Fewer than half of D.C. region's residents are native-born; continues decades-long decline

      People walking along southeast Washington's Barracks Row. (AP photo)

      WASHINGTON (WJLA) -- Think trees. Towering trees.

      Then think about this.

      If one took a glance at the physical landscape of D.C., Maryland and Virginia, based on a fascinating, interactive fact-based analysis by the New York Times, there would be no trees.

      Because there are no roots.

      Because there were no seeds.

      In a place such as the D.C. region, that's hardly a stunning revelation. Even so, it's interesting to look at a breakdown of native-born residents over the years and get a comprehensive look at exactly how much the immediate region is changing.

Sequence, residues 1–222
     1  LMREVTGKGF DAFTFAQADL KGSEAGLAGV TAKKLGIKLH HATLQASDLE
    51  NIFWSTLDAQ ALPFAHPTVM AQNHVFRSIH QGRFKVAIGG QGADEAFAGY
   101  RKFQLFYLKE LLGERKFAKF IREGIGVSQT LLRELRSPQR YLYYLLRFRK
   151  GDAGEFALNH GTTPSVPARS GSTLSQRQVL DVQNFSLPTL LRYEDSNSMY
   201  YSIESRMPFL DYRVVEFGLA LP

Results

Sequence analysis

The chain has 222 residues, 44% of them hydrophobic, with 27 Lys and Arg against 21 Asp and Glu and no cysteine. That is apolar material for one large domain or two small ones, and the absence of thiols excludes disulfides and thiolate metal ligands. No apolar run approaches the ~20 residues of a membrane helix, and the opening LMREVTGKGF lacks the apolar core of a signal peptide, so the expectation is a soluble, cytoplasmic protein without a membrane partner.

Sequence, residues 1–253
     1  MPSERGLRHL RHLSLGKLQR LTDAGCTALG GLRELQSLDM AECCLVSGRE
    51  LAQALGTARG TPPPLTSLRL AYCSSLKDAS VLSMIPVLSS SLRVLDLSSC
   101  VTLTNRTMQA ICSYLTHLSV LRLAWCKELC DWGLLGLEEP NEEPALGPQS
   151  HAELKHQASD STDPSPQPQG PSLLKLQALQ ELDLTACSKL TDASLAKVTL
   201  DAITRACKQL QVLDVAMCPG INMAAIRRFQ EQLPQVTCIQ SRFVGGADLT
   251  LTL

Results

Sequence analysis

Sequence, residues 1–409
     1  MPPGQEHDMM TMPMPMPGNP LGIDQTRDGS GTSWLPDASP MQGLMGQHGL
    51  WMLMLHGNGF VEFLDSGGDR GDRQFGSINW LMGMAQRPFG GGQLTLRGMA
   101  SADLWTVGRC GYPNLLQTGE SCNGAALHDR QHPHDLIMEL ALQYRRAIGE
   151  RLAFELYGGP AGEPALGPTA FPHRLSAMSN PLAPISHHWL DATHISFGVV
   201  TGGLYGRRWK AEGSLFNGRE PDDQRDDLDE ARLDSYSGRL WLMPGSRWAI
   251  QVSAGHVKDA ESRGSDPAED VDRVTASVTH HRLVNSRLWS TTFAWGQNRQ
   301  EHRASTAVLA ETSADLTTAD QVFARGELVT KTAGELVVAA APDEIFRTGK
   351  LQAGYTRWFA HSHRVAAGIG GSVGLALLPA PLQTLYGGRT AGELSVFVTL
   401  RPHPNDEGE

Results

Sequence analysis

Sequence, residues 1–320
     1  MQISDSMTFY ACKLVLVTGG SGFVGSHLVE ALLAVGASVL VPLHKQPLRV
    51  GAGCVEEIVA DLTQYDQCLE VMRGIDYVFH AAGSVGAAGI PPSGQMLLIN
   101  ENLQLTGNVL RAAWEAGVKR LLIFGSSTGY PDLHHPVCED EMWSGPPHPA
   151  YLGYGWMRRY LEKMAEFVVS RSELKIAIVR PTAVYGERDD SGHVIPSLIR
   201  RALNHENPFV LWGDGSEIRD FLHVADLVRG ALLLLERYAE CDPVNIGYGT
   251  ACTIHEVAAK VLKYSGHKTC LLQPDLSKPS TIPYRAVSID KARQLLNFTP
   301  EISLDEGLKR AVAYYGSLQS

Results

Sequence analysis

For example:

      In Virginia, in 1970, 65 percent of the state residents were born there. In 2012, 49 percent were.

      In the District, in 1970, 49 percent of D.C. residents were born there. In 2012, 37 percent were.

      In Maryland, in 1970, 57 percent of the state residents were born there. In 2012, 48 percent were.

      The state-by-state breakdown in the Times' interactive map includes a few eyebrow-raising numbers and what might as well be a new phrase, "Go East, Young Man."

      And plant trees.

      Here's a link to the story and the interactive map: